The National – Tuesday, December 21, 2010
THERE has been much discussion on increasing the number of members of parliament, including the presence of 22 exclusive women MPs.
It is important to revisit the thinking of the planners of our constitution with regards to the composition of parliament.
How did they arrive at the kind of parliamentary system that we currently have?
Is it relevant today?
As discussions continue, should we consider a second house of review?
How relevant are regional seats particularly now women are going to be elected on a regional basis as well?
In making recommendations for the kind of parliament PNG should have, the constitutional planning committee (CPC) said PNG must have a participatory democracy with maximum emphasis on consultation and consensus.
For that, the national legislature or parliament was to have a central and pivotal role.
While the executive government was to have a big role in providing strong leadership to reshape the new nation and bring about development, that leadership should not become autocratic. Only a strong legislature would prevent that danger.
The committee said in its report: “The legislature should not be seen as a rival to the executive arm, but rather as a full and constructive partner. It can then help to ensure the overall effectiveness of government by keeping the executive accountable to the people. This is the approach that underlies our proposals.”
To signify the break with the colonial past and to emphasise the national character of the legislature, the house of assembly was renamed the national parliament.
After much discussion, it was decided that although there was some attraction in the idea of an upper house of review, in practice it might be costly and would not perform its task.
Experience elsewhere had shown that a upper house would be cumbersome and complicate the legislative process.
The CPC, thus, recommended one strong national parliament.
On another of today’s burning issues of nominated and appointed members, the CPC recommended against having nominated members.
Prior to self government and independence, the administrator could choose up to four official members and the house could decide by a two-third majority to appoint up to three members.
The provision for official members was abolished at self-government in 1973.
Although the CPC recommended against having nominated members, the constitution, when it was adopted, kept the provision for three nominated members. It has never been implemented.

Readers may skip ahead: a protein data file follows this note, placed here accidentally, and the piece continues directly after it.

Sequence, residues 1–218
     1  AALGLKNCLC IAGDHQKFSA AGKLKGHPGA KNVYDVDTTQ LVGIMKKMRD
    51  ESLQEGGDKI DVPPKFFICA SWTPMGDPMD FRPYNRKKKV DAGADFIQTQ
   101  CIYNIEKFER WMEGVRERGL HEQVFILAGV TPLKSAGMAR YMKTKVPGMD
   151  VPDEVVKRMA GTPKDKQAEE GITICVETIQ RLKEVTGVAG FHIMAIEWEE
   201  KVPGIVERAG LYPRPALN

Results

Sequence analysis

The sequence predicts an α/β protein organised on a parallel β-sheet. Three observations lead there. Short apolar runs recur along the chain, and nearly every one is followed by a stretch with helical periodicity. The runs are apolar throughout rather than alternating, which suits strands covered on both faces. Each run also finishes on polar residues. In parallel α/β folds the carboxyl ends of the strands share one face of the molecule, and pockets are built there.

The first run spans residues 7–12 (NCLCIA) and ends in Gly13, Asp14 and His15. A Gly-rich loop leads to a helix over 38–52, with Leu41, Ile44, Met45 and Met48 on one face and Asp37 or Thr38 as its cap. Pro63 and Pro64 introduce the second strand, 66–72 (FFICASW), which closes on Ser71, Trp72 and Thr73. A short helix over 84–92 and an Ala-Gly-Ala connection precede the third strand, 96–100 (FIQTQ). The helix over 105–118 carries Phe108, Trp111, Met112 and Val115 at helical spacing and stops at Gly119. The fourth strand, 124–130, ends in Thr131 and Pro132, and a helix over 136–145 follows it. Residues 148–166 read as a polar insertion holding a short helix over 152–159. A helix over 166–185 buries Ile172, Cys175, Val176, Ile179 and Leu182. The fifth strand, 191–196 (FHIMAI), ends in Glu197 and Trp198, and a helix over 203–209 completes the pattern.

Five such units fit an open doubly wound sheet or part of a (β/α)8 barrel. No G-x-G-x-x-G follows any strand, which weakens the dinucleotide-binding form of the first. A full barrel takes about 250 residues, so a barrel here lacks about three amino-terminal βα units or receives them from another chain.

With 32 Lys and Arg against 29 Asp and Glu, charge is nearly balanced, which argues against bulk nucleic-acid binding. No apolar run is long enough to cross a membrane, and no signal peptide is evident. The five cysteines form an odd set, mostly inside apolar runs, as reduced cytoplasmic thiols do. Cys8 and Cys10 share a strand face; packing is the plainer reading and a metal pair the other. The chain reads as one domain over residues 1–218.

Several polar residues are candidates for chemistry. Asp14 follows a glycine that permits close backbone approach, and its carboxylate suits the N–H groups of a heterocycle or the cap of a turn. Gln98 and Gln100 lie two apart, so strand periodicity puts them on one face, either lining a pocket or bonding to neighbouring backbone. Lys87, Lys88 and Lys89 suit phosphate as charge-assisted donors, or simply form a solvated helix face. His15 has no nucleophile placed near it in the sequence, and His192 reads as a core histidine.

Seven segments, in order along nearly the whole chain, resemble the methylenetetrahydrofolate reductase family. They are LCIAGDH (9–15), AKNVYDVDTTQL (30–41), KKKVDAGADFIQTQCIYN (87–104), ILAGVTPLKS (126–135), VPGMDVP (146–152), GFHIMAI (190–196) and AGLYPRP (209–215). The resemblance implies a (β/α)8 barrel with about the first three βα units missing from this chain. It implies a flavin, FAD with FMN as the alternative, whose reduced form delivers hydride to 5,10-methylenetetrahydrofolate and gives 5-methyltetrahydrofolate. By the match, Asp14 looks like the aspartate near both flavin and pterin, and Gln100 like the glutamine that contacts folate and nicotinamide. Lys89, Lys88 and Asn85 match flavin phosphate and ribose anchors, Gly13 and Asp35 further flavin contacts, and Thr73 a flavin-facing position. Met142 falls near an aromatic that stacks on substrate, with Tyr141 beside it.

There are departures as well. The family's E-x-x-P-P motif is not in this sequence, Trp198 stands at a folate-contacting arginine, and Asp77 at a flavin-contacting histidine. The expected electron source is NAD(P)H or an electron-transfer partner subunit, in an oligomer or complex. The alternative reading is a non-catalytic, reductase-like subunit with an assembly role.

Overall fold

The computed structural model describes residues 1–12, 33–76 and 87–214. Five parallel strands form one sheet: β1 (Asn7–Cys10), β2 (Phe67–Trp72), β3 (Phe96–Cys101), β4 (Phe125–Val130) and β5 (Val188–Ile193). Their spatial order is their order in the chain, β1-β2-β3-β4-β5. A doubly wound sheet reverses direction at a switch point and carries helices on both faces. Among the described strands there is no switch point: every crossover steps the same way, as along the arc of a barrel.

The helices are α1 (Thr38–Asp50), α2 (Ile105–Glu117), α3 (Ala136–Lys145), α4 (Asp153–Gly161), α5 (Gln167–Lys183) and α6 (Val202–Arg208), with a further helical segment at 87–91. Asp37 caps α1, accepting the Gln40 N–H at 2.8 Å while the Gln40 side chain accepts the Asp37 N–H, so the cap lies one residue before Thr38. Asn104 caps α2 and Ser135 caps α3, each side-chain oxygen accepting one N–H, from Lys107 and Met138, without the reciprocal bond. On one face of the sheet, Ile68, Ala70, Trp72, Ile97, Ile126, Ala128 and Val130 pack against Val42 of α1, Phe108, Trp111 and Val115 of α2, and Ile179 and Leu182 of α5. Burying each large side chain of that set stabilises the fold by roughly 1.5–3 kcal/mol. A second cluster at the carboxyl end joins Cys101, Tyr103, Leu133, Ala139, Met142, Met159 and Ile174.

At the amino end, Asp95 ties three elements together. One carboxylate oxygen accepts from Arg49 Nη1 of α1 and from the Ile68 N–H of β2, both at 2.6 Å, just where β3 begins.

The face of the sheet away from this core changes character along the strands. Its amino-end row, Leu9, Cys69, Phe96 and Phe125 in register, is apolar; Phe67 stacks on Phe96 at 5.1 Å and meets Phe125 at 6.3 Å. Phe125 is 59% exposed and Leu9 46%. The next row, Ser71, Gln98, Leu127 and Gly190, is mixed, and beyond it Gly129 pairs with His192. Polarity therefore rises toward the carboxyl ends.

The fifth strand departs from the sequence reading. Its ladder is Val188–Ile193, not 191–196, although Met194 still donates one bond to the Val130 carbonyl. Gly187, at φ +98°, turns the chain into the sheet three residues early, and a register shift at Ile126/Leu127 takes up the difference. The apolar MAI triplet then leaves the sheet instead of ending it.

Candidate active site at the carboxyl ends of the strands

In each of the pre-independence houses of assembly, there were two kinds of members. Most represented open electorates but some represented the entire district of provinces and were referred to as regional members.
In 1964, there were 10 special electorates reserved for expatriate candidates. This was abolished in 1968 and replaced by 15 regional electorates which increased to 18 and now 20 representing a province.
The CPC, in its wide consultation with the people, found that people were against having regional candidates.
It was felt that a regional candidate just could not reach all parts of this electorate and, in any case, open members did represent each part of a province. This seat was thought to be expensive and ineffective, and the committee proposed for its abolition.
Chief minister Michael Somare was supportive of the recommendation for abolition of the regional seats.
It is, yet, another one of the recommendations which was not carried by the house when it met in August 1975 to agree on the constitution and the regional seats remain.
In 2002, parliament met and agreed to throw out the provisions for regional seats which was to be effective in 2007.
While the law was repealed, regional members remained. It is uncertain what the status of the law is at present and might pose interesting questions.
With discussions on having reserved seats for women in the coming elections and with the question of regional members unresolved presently, the time might have arrived to consider a house of review.
The regional members, or governors, can comprise the upper house. This is particularly pertinent now that more and more actions of parliament are coming unstuck when laws are held up to the scrutiny of the courts.
A house of review would ensure laws are properly debated and considered before they are passed.